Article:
Since its creation in the 1930s, Krav Maga has become known worldwide as one of the preeminent self-defense and fighting disciplines. A hybrid of techniques from styles such as boxing, wrestling, judo, aikido and karate, Krav Maga takes what works from the world of combat sports and combines it with realistic training to school its followers in methods that work anytime, anywhere.
The origins of Krav Maga
In the 1930s, Jews in Europe faced widespread persecution. Emrich Lichtenfeld decided to stand against this aggression in his homeland of what was then called Czechoslovakia.
Known as ‘Imi,’ Lichtenfeld was living in the city of Bratislava when anti-Semitic riots threatened his neighbourhood. Trained as a boxer and wrestler, Imi fought back against these racist gangs but found that his training in sport offered little advantage in the street, where rules are not observed and anything goes.
So Imi took what he knew and made a new style of fighting that emphasised aggression, speed, simultaneous attack and defence and never wasting a movement. It proved highly effective, but Imi eventually had to flee his homeland in the 1940s and made his way to what is now known as Israel. He helped the people fighting to create the nation to learn his new style of self-defense and fighting, which became known as Krav Maga – ‘Hebrew for contact combat.’
Fighting the Krav Maga way
Like all martial arts, the spirit of Krav Maga is to avoid fighting. But in Krav Maga, if that’s not possible, the aim is to finish the fight as quickly as possible.
There is no one particular style – Krav Maga is always evolving. But its basic parts emphasise striking such as in karate and boxing, takedowns and throws from disciplines like wrestling and then ground work such as in judo. There is also training in defending against knives and other weapons such as bats.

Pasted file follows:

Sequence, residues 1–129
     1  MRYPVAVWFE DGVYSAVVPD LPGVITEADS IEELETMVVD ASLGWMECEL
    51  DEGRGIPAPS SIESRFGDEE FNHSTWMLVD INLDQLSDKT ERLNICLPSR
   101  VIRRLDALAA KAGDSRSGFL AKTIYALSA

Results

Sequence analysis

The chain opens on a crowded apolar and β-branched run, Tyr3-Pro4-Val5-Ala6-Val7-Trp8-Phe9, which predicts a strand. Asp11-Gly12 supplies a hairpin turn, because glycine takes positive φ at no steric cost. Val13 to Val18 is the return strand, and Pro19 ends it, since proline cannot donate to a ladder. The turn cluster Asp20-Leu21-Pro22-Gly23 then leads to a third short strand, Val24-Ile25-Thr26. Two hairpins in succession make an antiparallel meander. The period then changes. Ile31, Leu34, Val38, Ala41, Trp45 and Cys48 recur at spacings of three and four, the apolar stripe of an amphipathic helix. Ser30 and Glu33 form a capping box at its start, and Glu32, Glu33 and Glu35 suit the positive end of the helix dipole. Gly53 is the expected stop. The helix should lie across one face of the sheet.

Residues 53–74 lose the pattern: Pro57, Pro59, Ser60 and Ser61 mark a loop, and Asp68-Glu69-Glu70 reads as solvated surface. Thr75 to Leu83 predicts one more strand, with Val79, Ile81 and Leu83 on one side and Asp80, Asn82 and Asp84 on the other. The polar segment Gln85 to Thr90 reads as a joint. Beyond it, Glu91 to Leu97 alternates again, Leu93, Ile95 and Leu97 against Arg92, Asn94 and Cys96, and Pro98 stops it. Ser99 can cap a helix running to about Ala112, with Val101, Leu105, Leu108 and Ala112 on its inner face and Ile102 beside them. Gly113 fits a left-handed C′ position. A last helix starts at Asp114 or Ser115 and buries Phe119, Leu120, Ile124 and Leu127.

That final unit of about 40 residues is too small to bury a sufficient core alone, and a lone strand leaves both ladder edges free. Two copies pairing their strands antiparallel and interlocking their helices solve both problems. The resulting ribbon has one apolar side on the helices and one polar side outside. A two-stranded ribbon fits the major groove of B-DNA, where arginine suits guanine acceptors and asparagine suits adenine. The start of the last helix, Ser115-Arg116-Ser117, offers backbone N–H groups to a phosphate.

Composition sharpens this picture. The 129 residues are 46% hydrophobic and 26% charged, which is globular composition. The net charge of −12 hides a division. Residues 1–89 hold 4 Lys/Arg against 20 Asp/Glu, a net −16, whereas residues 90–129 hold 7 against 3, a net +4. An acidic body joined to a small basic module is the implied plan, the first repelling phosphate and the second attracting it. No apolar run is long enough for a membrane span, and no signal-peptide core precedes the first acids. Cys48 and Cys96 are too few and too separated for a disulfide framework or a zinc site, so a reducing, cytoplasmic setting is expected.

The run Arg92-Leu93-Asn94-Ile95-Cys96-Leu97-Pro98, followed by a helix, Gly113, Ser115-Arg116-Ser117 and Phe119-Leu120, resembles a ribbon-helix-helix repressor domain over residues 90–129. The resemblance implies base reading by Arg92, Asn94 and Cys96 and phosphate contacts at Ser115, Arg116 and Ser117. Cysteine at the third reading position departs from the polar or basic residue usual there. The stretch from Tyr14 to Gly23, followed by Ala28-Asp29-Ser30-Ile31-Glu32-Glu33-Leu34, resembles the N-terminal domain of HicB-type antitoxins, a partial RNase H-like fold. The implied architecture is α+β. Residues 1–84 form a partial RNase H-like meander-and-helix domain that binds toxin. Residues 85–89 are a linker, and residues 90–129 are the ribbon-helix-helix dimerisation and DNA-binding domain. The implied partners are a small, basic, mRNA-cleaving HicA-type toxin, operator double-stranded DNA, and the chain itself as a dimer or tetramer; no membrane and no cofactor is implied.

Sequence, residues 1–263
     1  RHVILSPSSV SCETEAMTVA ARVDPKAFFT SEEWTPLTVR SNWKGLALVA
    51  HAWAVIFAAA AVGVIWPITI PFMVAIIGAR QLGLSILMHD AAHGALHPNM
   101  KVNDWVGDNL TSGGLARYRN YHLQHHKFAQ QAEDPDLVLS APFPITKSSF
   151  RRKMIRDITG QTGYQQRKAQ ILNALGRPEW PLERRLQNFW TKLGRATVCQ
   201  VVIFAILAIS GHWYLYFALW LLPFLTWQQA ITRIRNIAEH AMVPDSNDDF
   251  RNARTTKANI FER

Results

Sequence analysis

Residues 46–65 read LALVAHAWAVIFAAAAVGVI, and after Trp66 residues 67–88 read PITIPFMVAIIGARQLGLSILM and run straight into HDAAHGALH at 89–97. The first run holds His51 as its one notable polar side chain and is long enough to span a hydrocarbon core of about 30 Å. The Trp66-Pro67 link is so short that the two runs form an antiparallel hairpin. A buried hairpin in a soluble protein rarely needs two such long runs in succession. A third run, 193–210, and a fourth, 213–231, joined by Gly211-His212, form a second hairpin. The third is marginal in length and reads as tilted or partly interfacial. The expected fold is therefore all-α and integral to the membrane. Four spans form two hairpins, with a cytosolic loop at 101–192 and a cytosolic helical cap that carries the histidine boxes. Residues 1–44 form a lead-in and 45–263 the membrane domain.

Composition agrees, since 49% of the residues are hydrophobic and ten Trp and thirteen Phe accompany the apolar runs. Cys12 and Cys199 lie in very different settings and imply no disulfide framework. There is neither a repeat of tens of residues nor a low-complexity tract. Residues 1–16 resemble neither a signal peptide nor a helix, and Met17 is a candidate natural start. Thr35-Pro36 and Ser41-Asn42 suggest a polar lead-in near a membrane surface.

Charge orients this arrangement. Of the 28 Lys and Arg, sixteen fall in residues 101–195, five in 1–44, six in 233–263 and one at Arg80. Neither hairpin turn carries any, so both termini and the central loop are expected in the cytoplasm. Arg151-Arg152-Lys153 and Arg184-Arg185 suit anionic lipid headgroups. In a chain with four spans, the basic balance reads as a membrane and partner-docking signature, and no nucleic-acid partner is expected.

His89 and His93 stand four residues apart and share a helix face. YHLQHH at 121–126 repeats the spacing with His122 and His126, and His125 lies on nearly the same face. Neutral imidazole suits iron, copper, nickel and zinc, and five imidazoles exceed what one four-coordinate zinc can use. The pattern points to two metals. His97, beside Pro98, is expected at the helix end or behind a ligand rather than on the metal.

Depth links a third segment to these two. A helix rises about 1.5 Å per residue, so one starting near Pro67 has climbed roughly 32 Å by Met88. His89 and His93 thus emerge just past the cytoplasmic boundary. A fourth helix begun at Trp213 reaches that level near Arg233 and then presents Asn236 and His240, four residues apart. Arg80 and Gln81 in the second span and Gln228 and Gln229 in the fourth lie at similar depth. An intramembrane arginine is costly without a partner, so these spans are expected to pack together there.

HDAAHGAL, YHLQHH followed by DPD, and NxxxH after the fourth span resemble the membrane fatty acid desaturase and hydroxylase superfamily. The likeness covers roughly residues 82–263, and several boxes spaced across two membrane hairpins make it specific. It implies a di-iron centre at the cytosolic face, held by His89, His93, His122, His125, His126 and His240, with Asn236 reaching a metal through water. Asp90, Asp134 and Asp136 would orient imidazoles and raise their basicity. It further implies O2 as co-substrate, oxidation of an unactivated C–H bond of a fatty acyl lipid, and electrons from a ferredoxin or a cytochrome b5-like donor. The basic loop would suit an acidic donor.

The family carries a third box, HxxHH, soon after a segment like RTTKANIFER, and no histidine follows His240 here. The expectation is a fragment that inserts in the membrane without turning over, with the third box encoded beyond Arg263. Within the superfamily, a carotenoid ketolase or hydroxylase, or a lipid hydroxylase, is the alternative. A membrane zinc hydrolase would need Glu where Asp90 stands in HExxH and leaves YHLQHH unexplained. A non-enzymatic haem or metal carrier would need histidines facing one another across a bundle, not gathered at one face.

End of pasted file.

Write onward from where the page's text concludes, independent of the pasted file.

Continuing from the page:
Krav Maga teaches students to go for the jugular from the beginning, aiming attacks at the most vulnerable parts of their opponent’s body, such as the eyes, neck and groin. Physical aggression is key, with simple and repeatable strikes employed till the opponent is incapacitated.
This is why Krav Maga is so effective. It’s a fighting style designed for the street, not the gym. The goal is not to score points or learn a display, it is to defend effectively and win the fight quickly.
At the same time, Krav Maga also teaches situational awareness, emphasising that the practitioner should be fully aware of their surroundings while fighting, looking for ways to escape, threats from other opponents, and even objects like chairs that could be used to strike their attacker and take them down quickly.
Krav Maga in Australia
Krav Maga has been taught across Australia for many years by expert practitioners and is a popular self-defense discipline to learn. There are even Krav Maga groups established in Australia by instructors from the Israeli Defence Force, keen to pass on the skills they’ve honed over many years.
Krav Maga has been taught in the Australian military and in the police forces. With the rise in alcohol and drug-fuelled violence on Australian streets, interest in its self-defence techniques amongst civilians is rising, particularly amongst Australian women. Krav Maga is proving to be a popular choice for people who want to learn to protect themselves and their families, using techniques that are proven to work and are based on the chaos of real-life experience, not the rules of a dojo or gym.
There are schools for Krav Maga in every major city in Australia and many smaller towns are embracing this unique fighting style as well. With its emphasis on ending the fight quickly and defending yourself with realistic techniques, Krav Maga is emerging as the real deal for Australian self-defense.